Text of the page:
Fall 2022 - GEOG 314 D100
The Climate System (4)
Class Number: 2891
Delivery Method: In Person
A survey of the climate system, with emphasis on the interactions among its components; radiation, energy and water balances; carbon cycle; climate sensitivity and feedbacks; natural and human-induced climate change. Quantitative.
This course examines the basic principles and processes governing the Earth’s climate. It emphasizes the notion of climate as a “system”, i.e. an entity regulated by the physical and biogeochemical interactions between its components – the atmosphere, ocean and land surface. Topics examined in the course include:
- The “system’s approach” to climate
- Global energy balance, greenhouse effect
- Atmospheric circulation, hydrologic cycle
- Climate variability
- Ocean circulation and climate
- Land surface and climate
- Carbon cycle
- Climate feedbacks
- History and evolution of Earth’s climate
- Global warming
Course organization: The course will be organized around a 2-hour in-person lecture, and a 2-hour in-person laboratory session each week. All course materials will be made available through Canvas.
Lab sessions will start in the second week of classes.
COURSE-LEVEL EDUCATIONAL GOALS:
After completing the course students will be able to:
- Recall and explain key processes in the atmosphere, ocean and on the land surface that govern Earth’s climate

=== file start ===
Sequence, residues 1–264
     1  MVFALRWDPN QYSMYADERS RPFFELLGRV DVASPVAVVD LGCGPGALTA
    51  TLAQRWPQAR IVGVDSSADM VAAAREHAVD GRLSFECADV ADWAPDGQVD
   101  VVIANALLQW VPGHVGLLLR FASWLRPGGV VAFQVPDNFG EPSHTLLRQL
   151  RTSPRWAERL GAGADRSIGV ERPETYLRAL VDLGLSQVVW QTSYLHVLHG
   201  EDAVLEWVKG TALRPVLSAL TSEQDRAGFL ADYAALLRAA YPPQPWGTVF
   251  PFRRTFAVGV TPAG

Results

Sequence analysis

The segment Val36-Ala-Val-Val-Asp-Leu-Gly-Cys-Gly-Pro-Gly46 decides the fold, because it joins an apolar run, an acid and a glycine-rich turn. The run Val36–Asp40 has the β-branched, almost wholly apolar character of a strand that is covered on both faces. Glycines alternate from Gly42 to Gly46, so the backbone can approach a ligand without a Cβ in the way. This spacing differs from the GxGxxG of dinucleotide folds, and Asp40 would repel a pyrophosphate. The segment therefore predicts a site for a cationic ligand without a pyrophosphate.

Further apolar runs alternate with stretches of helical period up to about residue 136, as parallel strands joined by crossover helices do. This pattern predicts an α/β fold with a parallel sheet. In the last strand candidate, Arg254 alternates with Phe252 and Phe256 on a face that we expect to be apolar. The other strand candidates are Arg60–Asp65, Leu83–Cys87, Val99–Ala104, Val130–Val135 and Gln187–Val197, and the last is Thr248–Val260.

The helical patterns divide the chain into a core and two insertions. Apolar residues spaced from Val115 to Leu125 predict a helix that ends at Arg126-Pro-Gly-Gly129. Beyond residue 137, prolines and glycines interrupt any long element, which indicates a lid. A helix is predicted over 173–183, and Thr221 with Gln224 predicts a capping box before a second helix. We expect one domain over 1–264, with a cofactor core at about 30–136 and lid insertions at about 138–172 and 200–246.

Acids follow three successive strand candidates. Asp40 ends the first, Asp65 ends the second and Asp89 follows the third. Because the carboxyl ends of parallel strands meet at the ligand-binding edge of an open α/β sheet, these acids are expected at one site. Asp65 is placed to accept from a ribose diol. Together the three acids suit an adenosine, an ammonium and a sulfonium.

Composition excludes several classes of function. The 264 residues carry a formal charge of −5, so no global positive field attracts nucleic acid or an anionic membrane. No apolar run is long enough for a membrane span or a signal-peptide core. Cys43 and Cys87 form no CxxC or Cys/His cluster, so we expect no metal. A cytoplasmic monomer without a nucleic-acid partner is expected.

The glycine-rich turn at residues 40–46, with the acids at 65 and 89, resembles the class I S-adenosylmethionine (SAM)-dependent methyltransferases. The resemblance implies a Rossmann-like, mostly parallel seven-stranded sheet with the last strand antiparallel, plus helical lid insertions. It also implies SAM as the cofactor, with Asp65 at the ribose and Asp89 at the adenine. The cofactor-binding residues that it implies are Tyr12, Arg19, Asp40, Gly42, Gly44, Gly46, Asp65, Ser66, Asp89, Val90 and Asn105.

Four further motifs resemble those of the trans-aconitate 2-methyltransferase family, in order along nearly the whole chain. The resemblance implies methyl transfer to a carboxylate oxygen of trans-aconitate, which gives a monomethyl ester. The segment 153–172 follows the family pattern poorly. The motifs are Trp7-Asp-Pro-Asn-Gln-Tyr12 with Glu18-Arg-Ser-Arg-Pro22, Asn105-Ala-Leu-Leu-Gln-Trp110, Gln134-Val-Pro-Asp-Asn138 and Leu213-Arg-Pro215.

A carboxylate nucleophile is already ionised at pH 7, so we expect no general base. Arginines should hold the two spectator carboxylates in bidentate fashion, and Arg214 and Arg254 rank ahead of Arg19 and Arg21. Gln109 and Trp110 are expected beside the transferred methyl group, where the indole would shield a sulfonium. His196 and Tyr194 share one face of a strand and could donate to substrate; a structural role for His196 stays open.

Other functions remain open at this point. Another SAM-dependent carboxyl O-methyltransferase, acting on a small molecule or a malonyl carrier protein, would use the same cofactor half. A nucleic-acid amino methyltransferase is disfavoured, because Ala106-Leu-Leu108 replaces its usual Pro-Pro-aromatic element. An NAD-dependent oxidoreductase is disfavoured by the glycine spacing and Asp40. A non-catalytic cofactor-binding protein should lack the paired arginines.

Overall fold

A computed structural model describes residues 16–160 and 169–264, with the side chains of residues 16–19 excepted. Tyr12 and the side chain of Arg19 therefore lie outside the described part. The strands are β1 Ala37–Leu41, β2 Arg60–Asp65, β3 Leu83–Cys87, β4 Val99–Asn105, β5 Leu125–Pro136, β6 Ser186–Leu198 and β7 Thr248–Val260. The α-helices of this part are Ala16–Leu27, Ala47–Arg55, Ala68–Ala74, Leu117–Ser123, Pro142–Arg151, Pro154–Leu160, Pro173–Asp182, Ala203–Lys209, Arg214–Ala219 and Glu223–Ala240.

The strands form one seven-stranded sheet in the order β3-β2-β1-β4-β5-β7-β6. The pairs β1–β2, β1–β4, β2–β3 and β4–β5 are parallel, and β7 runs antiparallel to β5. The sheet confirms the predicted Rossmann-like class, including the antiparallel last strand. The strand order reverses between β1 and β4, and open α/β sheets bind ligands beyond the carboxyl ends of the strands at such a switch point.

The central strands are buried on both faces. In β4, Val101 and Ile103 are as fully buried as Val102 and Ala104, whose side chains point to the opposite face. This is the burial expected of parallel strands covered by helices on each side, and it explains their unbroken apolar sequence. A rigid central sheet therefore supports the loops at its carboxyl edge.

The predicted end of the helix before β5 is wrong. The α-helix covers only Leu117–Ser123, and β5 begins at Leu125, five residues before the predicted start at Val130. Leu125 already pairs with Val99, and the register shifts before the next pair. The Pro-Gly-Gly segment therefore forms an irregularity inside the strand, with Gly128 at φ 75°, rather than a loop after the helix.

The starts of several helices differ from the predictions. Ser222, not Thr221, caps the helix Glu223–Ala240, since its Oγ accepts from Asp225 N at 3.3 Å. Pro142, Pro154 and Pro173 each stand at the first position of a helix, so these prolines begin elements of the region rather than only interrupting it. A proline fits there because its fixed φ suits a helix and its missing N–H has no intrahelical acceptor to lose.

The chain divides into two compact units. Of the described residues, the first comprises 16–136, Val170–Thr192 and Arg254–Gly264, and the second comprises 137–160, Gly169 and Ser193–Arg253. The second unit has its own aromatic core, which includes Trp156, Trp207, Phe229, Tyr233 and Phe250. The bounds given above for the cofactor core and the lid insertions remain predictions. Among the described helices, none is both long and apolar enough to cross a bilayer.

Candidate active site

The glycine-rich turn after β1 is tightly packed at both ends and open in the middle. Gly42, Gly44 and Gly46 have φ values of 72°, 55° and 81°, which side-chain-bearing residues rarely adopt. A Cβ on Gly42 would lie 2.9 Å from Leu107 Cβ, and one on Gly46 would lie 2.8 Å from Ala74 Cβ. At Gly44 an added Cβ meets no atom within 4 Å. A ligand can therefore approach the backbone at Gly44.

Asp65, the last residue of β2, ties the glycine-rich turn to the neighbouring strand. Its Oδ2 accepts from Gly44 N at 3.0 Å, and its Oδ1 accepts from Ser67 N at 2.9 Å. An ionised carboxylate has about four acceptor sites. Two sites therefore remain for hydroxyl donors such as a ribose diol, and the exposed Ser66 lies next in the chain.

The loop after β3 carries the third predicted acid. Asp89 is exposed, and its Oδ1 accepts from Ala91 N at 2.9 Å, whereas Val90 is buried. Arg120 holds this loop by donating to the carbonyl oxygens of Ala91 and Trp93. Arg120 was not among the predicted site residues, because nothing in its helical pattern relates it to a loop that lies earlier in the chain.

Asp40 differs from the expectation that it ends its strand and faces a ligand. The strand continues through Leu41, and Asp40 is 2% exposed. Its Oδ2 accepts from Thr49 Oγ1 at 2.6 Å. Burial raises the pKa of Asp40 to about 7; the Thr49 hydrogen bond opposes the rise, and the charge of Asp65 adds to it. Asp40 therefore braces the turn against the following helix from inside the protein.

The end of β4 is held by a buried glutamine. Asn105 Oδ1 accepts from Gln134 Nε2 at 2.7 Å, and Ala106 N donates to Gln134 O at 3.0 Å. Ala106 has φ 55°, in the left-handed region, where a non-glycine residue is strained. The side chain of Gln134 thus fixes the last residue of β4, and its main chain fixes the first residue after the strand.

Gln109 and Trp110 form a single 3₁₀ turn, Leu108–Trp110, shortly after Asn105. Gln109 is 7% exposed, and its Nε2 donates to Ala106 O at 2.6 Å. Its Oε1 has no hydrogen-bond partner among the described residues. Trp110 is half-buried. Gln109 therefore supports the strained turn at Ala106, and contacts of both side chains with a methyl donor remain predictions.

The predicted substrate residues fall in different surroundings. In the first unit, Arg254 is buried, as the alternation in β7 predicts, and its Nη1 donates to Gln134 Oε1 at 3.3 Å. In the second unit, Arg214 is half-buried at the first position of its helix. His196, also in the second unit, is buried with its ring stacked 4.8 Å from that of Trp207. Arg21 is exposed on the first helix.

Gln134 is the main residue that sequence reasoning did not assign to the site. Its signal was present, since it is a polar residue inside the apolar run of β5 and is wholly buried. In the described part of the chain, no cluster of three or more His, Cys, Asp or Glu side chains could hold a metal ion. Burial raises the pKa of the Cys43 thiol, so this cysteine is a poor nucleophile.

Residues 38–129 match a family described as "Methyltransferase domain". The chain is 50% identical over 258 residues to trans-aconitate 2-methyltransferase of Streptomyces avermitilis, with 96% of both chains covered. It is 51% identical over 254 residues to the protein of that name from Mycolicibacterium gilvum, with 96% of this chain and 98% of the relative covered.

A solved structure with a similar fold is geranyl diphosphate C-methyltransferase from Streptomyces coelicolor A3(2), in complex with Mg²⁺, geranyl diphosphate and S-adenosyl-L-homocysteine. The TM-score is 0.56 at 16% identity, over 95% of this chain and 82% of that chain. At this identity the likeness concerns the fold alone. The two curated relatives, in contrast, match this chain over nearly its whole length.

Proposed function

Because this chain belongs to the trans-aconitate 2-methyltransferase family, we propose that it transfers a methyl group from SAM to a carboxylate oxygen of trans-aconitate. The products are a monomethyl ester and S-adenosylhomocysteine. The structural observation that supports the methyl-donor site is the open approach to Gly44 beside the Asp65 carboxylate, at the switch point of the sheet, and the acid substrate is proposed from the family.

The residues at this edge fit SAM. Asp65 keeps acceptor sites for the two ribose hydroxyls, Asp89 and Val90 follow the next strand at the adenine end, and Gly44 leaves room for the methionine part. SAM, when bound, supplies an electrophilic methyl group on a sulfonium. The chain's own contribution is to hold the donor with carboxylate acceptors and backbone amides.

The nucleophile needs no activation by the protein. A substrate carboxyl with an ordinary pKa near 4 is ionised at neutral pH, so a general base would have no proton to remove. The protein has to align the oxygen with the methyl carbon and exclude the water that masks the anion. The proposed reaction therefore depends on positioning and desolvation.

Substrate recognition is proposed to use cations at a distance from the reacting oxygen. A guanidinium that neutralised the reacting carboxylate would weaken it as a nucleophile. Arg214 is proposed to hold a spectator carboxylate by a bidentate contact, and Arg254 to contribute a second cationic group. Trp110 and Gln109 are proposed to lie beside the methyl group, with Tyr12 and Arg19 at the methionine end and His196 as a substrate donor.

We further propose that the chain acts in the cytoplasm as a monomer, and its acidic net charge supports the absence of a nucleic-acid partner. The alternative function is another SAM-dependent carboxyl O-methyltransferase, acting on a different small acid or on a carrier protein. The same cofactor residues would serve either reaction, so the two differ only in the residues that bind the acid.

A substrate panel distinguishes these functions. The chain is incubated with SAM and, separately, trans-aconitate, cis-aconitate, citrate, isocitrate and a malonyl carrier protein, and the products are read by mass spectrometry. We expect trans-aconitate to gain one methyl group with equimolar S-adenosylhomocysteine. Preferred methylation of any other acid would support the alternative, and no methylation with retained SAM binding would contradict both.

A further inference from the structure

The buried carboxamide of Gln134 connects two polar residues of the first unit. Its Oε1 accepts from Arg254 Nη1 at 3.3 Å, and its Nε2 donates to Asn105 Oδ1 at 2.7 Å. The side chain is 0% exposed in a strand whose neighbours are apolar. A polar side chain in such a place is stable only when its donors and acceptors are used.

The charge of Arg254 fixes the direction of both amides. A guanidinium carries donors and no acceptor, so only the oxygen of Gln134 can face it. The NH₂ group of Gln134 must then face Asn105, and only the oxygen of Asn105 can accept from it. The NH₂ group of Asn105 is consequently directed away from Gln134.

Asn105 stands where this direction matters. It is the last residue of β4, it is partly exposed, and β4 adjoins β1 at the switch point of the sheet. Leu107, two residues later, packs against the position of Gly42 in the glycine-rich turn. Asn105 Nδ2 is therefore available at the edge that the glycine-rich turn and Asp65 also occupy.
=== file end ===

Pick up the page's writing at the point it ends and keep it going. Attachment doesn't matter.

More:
- Demonstrate proficiency in the use of simple models to interpret the dynamics of the climate system
- Effectively communicate scientific information in written and visual form
- Laboratory Assignments 35%
- In-class Participation 5%
- Midterm Exam 25%
- Final Exam 35%
L.R. Kump, J.F. Kasting and R.G. Crane, The Earth System, 3rd Edition, Pearson, 2010, ISBN: 0-32-159779-6.
The text is only available as hardcopy. It will be supplemented with additional materials (notes, articles, online resources).
ACADEMIC INTEGRITY: YOUR WORK, YOUR SUCCESS
SFU’s Academic Integrity website http://www.sfu.ca/students/academicintegrity.html is filled with information on what is meant by academic dishonesty, where you can find resources to help with your studies and the consequences of cheating. Check out the site for more information and videos that help explain the issues in plain English.
Each student is responsible for his or her conduct as it affects the university community. Academic dishonesty, in whatever form, is ultimately destructive of the values of the university. Furthermore, it is unfair and discouraging to the majority of students who pursue their studies honestly. Scholarly integrity is required of all members of the university. http://www.sfu.ca/policies/gazette/student/s10-01.html